William Wordsworth

Print

Nutting

from

Lyrical Ballads (Volume II, 1800)

 
                                      It seems a day,
  (I speak of one from many singled out)
  One of those heavenly days which cannot die,
  When forth I sallied from our cottage-door,1
5   And with a wallet o'er my shoulder slung,
  A nutting crook in hand, I turn'd my steps
  Towards the distant woods, a Figure quaint,
  Trick'd out in proud disguise of Beggar's weeds
  Put on for the occasion, by advice
10   And exhortation of my frugal Dame.
  Motley accoutrements! of power to smile
  At thorns, and brakes, and brambles, and, in truth,
  More ragged than need was. Among the woods,
  And o'er the pathless rocks, I forc'd my way
15   Until, at length, I came to one dear nook
  Unvisited, where not a broken bough
  Droop'd with its wither'd leaves, ungracious sign
  Of devastation, but the hazels rose
  Tall and erect, with milk-white clusters hung,
20   A virgin scene!-A little while I stood,
  Breathing with such suppression of the heart
  As joy delights in; and with wise restraint
  Voluptuous, fearless of a rival, eyed
  The banquet, or beneath the trees I sate
25   Among the flowers, and with the flowers I play'd;
  A temper known to those, who, after long
  And weary expectation, have been bless'd
  With sudden happiness beyond all hope.-
  -Perhaps it was a bower beneath whose leaves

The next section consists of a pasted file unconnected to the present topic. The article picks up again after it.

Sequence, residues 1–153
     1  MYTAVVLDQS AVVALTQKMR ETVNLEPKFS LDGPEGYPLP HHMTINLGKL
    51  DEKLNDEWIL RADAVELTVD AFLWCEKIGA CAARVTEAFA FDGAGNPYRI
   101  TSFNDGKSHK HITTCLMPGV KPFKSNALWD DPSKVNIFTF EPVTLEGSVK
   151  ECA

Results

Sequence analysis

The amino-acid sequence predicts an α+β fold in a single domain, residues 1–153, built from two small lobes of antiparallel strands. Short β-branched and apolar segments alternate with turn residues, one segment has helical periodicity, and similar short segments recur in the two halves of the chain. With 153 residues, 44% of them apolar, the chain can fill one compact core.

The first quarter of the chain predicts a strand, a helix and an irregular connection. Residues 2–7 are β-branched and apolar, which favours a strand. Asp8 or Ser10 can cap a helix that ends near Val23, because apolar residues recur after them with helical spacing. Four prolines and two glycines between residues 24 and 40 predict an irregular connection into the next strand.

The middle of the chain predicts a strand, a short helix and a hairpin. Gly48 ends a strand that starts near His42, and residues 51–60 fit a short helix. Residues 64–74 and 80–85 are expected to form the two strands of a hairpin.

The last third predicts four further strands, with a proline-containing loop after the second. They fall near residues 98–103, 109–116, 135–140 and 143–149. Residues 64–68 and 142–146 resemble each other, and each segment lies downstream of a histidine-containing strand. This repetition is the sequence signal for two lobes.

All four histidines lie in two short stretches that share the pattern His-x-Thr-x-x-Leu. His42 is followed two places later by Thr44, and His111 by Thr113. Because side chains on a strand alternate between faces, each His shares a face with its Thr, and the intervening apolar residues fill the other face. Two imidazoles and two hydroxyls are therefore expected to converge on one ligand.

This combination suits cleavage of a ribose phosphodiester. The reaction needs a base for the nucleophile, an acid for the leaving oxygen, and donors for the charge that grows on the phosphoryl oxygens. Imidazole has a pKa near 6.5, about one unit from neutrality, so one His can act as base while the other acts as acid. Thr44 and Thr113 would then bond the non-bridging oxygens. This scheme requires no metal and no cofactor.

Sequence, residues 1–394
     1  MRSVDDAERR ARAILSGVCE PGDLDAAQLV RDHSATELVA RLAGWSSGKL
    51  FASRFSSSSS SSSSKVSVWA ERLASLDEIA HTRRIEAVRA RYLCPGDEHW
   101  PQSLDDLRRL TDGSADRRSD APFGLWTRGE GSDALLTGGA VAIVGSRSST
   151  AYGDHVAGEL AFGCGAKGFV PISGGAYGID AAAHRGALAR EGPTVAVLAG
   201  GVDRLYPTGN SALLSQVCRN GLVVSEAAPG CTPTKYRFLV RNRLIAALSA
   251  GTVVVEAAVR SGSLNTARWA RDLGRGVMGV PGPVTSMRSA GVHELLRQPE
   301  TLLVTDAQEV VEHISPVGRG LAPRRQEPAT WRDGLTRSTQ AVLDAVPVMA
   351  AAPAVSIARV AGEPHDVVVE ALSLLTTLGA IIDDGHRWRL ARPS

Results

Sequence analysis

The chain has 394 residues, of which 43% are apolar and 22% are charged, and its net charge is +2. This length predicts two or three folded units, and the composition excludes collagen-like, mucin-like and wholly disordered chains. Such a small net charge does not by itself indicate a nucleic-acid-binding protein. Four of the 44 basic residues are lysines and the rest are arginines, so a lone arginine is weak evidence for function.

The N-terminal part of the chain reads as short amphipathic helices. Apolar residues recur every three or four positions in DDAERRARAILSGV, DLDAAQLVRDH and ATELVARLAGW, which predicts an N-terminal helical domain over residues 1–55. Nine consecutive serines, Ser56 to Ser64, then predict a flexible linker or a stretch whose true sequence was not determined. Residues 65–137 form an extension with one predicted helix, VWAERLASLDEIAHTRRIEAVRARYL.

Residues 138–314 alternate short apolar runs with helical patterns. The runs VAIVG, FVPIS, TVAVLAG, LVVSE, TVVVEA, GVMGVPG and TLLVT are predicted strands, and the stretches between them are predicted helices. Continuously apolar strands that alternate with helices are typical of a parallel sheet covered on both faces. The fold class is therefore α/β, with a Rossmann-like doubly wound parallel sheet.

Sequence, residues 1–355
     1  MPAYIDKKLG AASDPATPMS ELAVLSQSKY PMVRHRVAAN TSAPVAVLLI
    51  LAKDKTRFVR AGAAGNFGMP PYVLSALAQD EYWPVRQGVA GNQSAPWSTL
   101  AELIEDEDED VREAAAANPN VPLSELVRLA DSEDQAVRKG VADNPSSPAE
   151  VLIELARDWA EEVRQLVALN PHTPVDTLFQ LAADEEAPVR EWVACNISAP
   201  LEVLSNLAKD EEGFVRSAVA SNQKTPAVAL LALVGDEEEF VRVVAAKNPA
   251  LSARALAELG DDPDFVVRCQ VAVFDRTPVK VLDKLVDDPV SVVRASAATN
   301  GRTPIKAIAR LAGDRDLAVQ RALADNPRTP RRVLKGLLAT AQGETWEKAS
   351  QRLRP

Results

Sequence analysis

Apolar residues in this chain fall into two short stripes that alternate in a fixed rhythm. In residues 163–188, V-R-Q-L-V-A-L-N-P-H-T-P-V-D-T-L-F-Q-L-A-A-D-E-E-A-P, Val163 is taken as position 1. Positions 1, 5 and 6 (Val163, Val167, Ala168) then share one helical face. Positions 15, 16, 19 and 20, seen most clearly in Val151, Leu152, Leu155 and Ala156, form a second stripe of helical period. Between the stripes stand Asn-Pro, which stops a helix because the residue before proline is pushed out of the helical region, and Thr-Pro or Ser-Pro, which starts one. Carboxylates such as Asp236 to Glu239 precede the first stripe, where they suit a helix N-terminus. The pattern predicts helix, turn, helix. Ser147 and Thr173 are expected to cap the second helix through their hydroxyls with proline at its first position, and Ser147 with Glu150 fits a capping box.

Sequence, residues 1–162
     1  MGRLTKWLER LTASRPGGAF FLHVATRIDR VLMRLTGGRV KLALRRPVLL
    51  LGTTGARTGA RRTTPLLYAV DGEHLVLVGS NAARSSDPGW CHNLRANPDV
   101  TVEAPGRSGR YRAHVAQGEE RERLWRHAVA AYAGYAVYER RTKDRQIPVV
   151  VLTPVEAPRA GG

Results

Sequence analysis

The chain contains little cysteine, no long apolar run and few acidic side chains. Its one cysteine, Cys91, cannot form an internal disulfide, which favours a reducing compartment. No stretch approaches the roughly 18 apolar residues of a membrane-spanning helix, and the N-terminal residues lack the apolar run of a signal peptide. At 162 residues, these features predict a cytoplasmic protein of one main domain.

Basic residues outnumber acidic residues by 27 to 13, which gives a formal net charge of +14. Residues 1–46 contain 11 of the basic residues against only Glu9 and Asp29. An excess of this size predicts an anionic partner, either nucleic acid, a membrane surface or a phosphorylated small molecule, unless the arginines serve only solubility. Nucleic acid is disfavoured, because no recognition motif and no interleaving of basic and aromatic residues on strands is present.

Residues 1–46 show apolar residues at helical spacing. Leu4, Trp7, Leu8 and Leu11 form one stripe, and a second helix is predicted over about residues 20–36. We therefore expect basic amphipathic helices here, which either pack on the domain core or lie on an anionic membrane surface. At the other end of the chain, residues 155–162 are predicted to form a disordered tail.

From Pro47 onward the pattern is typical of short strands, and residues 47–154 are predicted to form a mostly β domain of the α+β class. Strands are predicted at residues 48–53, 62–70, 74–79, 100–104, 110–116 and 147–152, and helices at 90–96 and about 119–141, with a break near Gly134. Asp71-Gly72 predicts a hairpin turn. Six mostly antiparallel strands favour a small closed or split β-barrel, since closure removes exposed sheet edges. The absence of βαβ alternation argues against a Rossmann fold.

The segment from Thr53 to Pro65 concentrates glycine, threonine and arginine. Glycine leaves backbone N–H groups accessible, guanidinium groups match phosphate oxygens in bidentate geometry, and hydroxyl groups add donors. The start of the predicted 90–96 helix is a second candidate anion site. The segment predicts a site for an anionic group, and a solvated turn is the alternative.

30   The violets of five seasons re-appear
  And fade, unseen by any human eye,
  Where fairy water-breaks do murmur on
  For ever, and I saw the sparkling foam,
  And with my cheek on one of those green stones
35   That, fleec'd with moss, beneath the shady trees,
  Lay round me scatter'd like a flock of sheep,
  I heard the murmur and the murmuring sound,
  In that sweet mood when pleasure loves to pay
  Tribute to ease, and, of its joy secure
40   The heart luxuriates with indifferent things,
  Wasting its kindliness on stocks and stones,
  And on the vacant air. Then up I rose,
  And dragg'd to earth both branch and bough, with crash
  And merciless ravage; and the shady nook
45   Of hazels, and the green and mossy bower
  Deform'd and sullied, patiently gave up
  Their quiet being: and unless I now
  Confound my present feelings with the past,
  Even then, when, from the bower I turn'd away,
50   Exulting, rich beyond the wealth of kings
  I felt a sense of pain when I beheld
  The silent trees and the intruding sky. -
 
  Then, dearest Maiden! move along these shades
  In gentleness of heart with gentle hand
55   Touch, - for there is a Spirit in the woods.
 
 
  1 The house at which I was boarded during the time I was at School.

First published 1800.

Contributed by Robert Clark.